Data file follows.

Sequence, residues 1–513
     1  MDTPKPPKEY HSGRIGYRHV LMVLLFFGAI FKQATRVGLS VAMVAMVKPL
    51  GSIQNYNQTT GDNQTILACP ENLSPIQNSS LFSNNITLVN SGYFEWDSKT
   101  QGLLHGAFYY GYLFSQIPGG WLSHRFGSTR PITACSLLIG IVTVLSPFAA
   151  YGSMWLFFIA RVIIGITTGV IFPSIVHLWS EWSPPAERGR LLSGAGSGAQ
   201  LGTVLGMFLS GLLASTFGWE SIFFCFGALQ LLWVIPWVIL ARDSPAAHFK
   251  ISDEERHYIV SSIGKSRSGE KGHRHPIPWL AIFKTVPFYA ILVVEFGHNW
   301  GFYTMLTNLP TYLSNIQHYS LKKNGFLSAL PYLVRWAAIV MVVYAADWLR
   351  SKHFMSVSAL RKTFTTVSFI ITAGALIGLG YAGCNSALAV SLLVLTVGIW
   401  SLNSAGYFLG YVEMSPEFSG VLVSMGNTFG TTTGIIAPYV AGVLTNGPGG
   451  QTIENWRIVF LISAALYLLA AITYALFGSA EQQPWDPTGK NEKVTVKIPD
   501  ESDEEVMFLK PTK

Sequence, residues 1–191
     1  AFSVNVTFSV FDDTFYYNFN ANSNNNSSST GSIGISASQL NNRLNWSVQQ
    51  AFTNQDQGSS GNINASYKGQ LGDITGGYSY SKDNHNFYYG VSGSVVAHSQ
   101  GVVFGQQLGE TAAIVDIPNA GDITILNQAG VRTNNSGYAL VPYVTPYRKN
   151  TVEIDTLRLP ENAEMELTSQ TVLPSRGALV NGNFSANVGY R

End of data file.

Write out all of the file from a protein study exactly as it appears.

Sequence, residues 1–513
     1  MDTPKPPKEY HSGRIGYRHV LMVLLFFGAI FKQATRVGLS VAMVAMVKPL
    51  GSIQNYNQTT GDNQTILACP ENLSPIQNSS LFSNNITLVN SGYFEWDSKT
   101  QGLLHGAFYY GYLFSQIPGG WLSHRFGSTR PITACSLLIG IVTVLSPFAA
   151  YGSMWLFFIA RVIIGITTGV IFPSIVHLWS EWSPPAERGR LLSGAGSGAQ
   201  LGTVLGMFLS GLLASTFGWE SIFFCFGALQ LLWVIPWVIL ARDSPAAHFK
   251  ISDEERHYIV SSIGKSRSGE KGHRHPIPWL AIFKTVPFYA ILVVEFGHNW
   301  GFYTMLTNLP TYLSNIQHYS LKKNGFLSAL PYLVRWAAIV MVVYAADWLR
   351  SKHFMSVSAL RKTFTTVSFI ITAGALIGLG YAGCNSALAV SLLVLTVGIW
   401  SLNSAGYFLG YVEMSPEFSG VLVSMGNTFG TTTGIIAPYV AGVLTNGPGG
   451  QTIENWRIVF LISAALYLLA AITYALFGSA EQQPWDPTGK NEKVTVKIPD
   501  ESDEEVMFLK PTK

Sequence, residues 1–191
     1  AFSVNVTFSV FDDTFYYNFN ANSNNNSSST GSIGISASQL NNRLNWSVQQ
    51  AFTNQDQGSS GNINASYKGQ LGDITGGYSY SKDNHNFYYG VSGSVVAHSQ
   101  GVVFGQQLGE TAAIVDIPNA GDITILNQAG VRTNNSGYAL VPYVTPYRKN
   151  TVEIDTLRLP ENAEMELTSQ TVLPSRGALV NGNFSANVGY R